Governments Can Surpass Paris Climate Pledges Through Markets

April 14, 2016
Jennifer Andreassen, +1-202-572-3387,

IETA: Katie Kouchakji,
EDF: Jennifer Andreassen, 

LONDON/WASHINGTON DC, 14 April – The use of market mechanisms can help governments cut emissions even more than the minimum amounts offered in pledges under the Paris Agreement, according to a new report by IETA and Environmental Defense Fund.

With national leaders set to sign the Paris Agreement on 22 April and signalling their commitment to taking it forward, this new analysis highlights an important economic underpinning to its ultimate success. The paper analyses the 188 Intended Nationally Determined Contributions (INDCs) for the Paris Agreement and finds that 90 of these plans mention access to a carbon market will be needed to achieve the respective government’s goals. In several cases, the INDC specifies that a greater goal is possible, if market access and climate finance are available.

Since many INDCs represent the minimum of what governments will do to fight climate change, access to an international carbon market could provide the sound economic foundation to allow climate ambition to be raised – while driving costs down.

The Paris Agreement recognises the valuable role of market-based approaches (including the use of internationally transferred mitigation outcomes) in enabling ambitious reductions in climate pollution.1 Next month, climate negotiators will meet in Bonn to begin work on guidance for emissions accounting to further support cross-border transfers of mitigation outcomes, as well as rules governing a mechanism for mitigation and sustainable development. 

“Market mechanisms are an important tool in the climate change fight, as their inherent flexibility allows environmental goals to be met faster and at lower cost than old-style regulations,” says IETA CEO and President Dirk Forrister. “As governments make preparations to implement the Paris Agreement, we urge them to accelerate work on the market elements of the agreement and to engage with all stakeholders in a transparent, open manner.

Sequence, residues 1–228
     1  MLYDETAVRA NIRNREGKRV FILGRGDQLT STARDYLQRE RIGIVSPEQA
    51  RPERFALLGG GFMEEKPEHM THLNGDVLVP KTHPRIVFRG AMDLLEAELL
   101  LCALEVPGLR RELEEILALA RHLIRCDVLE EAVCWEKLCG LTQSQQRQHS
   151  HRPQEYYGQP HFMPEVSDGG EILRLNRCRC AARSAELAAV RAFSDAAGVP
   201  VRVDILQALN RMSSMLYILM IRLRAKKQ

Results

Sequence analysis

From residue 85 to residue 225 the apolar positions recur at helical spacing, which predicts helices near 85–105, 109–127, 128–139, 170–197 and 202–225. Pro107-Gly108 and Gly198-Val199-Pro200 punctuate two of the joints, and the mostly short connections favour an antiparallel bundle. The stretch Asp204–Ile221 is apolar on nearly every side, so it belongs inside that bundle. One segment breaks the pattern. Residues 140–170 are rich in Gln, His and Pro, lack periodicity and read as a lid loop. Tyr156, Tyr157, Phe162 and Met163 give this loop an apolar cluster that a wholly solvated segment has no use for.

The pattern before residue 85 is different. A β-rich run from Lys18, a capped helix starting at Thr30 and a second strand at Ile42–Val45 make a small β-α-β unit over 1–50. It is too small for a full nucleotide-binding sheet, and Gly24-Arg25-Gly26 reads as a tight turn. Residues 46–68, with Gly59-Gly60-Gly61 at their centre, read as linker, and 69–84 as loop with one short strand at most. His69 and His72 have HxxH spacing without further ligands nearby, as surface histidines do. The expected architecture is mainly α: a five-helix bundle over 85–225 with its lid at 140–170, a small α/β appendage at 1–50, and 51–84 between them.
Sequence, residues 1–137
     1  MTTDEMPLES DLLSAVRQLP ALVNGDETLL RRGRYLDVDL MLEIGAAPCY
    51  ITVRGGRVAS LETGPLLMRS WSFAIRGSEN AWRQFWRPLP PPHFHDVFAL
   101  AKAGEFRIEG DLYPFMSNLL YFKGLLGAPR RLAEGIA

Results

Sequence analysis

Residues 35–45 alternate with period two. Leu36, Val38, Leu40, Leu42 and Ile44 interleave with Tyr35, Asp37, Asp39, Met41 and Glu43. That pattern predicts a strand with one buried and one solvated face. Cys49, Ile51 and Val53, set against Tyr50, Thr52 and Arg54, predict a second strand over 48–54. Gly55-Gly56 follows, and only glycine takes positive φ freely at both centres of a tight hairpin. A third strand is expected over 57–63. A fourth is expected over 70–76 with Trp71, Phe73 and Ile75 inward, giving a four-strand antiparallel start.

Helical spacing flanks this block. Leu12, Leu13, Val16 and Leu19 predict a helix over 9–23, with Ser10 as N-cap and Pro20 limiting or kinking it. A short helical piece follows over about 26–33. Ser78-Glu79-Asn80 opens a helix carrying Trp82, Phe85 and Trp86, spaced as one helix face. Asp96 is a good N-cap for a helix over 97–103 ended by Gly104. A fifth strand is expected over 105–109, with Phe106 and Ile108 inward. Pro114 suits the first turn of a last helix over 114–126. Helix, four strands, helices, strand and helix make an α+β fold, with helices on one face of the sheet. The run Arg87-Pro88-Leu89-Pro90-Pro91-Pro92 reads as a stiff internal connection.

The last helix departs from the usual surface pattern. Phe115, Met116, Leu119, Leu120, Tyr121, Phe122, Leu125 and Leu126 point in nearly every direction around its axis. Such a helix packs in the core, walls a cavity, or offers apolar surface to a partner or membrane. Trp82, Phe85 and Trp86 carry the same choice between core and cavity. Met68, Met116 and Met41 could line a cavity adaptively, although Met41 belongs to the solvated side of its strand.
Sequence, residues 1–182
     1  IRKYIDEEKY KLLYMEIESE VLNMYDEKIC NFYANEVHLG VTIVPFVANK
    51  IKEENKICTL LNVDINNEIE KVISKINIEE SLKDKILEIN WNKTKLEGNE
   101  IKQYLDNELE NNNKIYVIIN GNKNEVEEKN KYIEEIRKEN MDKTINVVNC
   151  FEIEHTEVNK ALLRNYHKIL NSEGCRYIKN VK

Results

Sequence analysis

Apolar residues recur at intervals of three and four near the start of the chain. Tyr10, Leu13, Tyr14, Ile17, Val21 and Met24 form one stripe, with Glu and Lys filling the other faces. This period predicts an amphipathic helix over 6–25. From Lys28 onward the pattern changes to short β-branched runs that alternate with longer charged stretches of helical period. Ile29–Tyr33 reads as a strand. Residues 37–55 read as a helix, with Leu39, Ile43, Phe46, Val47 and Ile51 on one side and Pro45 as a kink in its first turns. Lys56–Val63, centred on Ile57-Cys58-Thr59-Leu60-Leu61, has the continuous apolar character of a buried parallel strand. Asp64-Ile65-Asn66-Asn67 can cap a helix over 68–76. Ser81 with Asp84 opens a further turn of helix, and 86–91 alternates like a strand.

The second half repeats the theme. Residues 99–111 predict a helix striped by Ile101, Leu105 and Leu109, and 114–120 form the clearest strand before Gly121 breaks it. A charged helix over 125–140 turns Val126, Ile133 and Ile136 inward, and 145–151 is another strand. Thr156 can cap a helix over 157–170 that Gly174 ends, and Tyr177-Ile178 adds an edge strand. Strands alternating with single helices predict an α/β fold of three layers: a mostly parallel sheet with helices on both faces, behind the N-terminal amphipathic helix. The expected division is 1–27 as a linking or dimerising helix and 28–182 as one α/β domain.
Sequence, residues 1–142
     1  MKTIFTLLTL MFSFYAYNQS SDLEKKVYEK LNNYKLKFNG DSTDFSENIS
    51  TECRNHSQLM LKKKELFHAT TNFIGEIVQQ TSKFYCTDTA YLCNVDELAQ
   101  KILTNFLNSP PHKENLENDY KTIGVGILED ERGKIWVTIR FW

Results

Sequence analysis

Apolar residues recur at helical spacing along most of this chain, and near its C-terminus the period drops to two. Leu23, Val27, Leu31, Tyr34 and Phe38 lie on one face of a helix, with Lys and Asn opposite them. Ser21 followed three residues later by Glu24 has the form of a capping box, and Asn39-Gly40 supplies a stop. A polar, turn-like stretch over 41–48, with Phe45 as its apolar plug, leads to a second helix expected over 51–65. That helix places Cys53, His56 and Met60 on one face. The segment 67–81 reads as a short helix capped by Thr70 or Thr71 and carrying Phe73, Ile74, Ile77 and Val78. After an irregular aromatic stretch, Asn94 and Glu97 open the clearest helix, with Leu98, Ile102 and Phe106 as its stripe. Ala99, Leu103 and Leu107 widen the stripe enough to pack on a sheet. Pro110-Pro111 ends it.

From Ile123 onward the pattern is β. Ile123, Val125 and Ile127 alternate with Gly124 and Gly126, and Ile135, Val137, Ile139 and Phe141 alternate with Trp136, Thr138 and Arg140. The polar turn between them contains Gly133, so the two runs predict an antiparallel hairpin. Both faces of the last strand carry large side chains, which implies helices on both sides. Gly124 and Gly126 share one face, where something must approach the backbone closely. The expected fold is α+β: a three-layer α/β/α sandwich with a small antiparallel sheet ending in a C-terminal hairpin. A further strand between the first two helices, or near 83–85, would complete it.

“The business community has a wealth of experience with the world’s carbon markets that policymakers can utilise in forming the rules for the next generation of these systems.”

The paper also considers what the Paris Agreement means for the potential formation of “carbon clubs” to advance climate action. For example, governments could cooperate in the development of rules and standards to ensure the integrity of international emissions trading and to promote greater harmonisation among domestic carbon markets. Numerous economic studies have shown that such cooperation could lower the costs of effective action, leading to even greater emissions cuts than what could be accomplished by countries acting on their own.

“The Paris Agreement was a landmark in the fight against climate change – and the provisions on international cooperation, including through markets, were the unsung hero of the agreement,” says Nathaniel Keohane, Vice President for Global Climate at Environmental Defense Fund.

“Markets have a critical role to play in realising the promise of Paris, by helping countries not only to meet the INDCs they have already announced, but to ratchet up their ambition going forward. The good news is that the Paris Agreement provides all the foundation that countries need to move forward with market-based policies, not only in their domestic actions but also through international cooperation.”

The full paper is available online.


1 See article 6 of the Paris Agreement

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